Table 4 shows the result of the Nearest Neighbor analysis with spatial clustering occurring for individual years 1998–2003 but absent during 2004. During 2004 only 17 (of 29) DHF cases were geocoded, which represented a year with a significant decline (P < 0.02) in DHF cases with very dispersed spatial distribution (a mean value of 6638.1 m according to Table 4), (see Figure 1 and Table 3). Table 4 shows that DHF cases were very densely clustered across years in space (mean of 598 m), suggesting a higher probability of infection in an area with a history of infection.Figure 2 shows the number of geocoded cases and the Minimum Nearest Neighbor Distance (MNND) plotted for individual years. Values for MNND in Figure 2 were scaled by dividing the original value by 10 to aid in visual comparative analysis. Figure 2 shows a reversed trend when the number of DHF cases and MNND were compared, that is, as the number of DHF cases increases, the mean distance between cases decreases. In addition, there was significant (P < 0.03) dispersion between cases soon after an epidemic has occurred, as indicated by the slope of the MNND line just after 1998 and 2002. It is expected that with more geocoded cases for 2002 the spatial dispersion (MNND) would have been significantly greater in the following years. The high spatial dispersal pattern observed represents the mean distance found between cases after outbreaks.
Table 4

Nearest neighbor analysis for DHF cases in Trinidad

Year

P-Value

Mean nearest neighbor distance (m)

1998

0.0001

1576.9

1999

0.0001

3815.8

2000

0.0001

1902.5

2001

0.0001

1396.7

2002

0.0001

1362.3

2003

0.0001

1877.5

2004

Not significant

6638.1

All years

0.0001

598.0

Figure 2

Geocoded DHF cases and the MNND for individual years 1998–2004 in Trinidad.

Nearest neighbor hierarchical clustering

The hierarchical ellipses show the identified hotspots of dengue cases for individual years 1998 to 2003 (Figure 3), and represent the spatial distribution of DHF cases detected using only the first order clusters. The years 1999 and 2004 are not shown in this figure since there were no clusters identified based on the criteria set for determining the presence of clustering (a minimum of 10 points and using a mean random distance threshold based on the dataset as explained in the previous section). Figure 3 shows three main regions of clustering indicated in Figure 4 by regions A, B and C (encircled by red ellipses) followed by 4 smaller regions D, E, F and G. Region A and B are the main city capitals in Trinidad, Port of Spain and San Fernando respectively. Region C represents an equally important major town of Arima, which is smaller in size than to the identified cities in regions A and B.Figure 4 shows hierarchical clustered regions superimposed onto a road network of Trinidad. This figure clearly shows the relationship between dengue clusters and areas within and around transportation hubs on the island. Regions A, B and C represent the island’s major transportation hubs between major cities while region E (town of Sangre Grande) represents another transportation hub which links most of the North Eastern part of the island to highways and by extension, the major cities in Trinidad. Region G (Penal) represents a smaller town near the suburban part of the island while region F represents an even smaller town in the rural part of Trinidad. Figure 4 also reveals a distinct movement of dengue clusters between types of transportation hubs and epidemic years with clustering occurring in and around major cities during an epidemic (through major transportation hubs). Following this, the results show migration towards more rural settings, transitioning away from an epidemic and towards areas with smaller transportation hubs (and nearer to smaller towns) on the island. The reverse relationship is seen transitioning towards an epidemic year.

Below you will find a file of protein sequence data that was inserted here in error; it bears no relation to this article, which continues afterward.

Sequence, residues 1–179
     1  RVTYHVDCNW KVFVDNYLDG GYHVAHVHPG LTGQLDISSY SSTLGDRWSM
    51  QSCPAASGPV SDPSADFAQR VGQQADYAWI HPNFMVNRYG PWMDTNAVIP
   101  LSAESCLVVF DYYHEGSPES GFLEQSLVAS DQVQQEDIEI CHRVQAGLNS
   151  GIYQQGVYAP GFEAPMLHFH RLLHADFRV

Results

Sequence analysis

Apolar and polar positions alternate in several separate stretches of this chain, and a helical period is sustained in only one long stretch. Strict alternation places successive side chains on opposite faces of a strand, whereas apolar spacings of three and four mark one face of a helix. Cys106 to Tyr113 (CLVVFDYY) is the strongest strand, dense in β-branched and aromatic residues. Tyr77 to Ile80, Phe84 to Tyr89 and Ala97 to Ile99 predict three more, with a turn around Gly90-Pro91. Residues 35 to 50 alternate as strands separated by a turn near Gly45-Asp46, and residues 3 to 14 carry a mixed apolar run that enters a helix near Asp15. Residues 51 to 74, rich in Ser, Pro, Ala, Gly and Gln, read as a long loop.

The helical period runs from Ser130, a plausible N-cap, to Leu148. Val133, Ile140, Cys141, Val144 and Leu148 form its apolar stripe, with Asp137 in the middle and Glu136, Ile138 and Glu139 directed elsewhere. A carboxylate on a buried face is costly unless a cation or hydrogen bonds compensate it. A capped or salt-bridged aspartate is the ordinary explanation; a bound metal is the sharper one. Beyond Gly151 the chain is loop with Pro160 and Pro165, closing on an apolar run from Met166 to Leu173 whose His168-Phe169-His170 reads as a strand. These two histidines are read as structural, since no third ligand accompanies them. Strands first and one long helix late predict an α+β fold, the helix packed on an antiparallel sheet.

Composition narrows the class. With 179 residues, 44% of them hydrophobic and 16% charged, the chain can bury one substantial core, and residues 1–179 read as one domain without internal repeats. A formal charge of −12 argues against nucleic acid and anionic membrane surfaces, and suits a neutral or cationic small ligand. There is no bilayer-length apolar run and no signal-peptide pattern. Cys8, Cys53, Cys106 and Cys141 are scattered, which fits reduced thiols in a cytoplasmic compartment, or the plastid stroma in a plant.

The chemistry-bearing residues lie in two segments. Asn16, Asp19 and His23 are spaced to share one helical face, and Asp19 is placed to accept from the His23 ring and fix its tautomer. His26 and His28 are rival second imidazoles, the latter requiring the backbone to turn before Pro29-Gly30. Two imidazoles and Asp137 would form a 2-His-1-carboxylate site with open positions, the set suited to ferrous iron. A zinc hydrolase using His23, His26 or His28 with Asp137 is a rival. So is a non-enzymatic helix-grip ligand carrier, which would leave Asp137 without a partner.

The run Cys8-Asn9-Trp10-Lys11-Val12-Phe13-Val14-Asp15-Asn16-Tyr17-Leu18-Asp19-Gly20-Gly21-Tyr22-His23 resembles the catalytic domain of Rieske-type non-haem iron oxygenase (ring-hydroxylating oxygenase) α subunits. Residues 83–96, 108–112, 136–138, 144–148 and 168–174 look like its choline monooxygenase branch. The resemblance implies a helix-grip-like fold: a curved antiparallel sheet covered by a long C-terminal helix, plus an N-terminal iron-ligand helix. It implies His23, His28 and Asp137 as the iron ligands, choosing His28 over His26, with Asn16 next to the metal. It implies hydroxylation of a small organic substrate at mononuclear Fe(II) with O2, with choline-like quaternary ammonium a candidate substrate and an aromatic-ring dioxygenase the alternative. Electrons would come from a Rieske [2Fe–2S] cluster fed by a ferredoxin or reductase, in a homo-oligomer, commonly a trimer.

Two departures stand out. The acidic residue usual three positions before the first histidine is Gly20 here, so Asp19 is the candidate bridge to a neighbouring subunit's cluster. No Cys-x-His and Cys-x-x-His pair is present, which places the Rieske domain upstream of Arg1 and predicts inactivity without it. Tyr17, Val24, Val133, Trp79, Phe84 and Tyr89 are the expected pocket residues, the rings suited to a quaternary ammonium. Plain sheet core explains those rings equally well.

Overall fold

Figure 3

Nearest neighbor hierarchical clustering.

Figure 4

Transportation hubs and dengue clusters in Trinidad (A-Port of Spain, B-San Fernando, C-Arima, D-Chaguanas, E-Sangre Grande, F-Biche, and G-Penal).

Space-time analysis

Using the Knox test the results showed a significant number of dengue cases were clustered in space (G = 76.7; d.f.6; P < 0.05) and time (G = 67.9; d.f. 6; P < 0.04) within and across years (∑2 = 345.97 d.f. 10; < 0.05) (see Table 3). Table 5 shows that the clustering time between years is approximately 727 days (about 2 years) and represents the transition between epidemic years 1998 and 2002, where in 2000 (2 years after) cases began appearing once more and transitioned towards the epidemic year 2002. Figure 5 shows the 'close in distance' and 'close in time' values for individual years. Values for 'close in distance' in Figure 5 were scaled by dividing the original value by 1000 to aid in visual comparative analysis.Figure 5 shows a reversed relationship between 'close in distance' and 'close in time' variables with the exception of the transition between years 2001 to 2002. This is possibly due to the fact that only 44% of the DHF cases were geocoded in 2002, but overall the results show when the number of days decreases between clustering in time the distance between events gets larger and vice versa. This relationship suggests that when an outbreak of disease occurs within short time periods there is a faster rate of distribution of the disease across space (see Figure 5).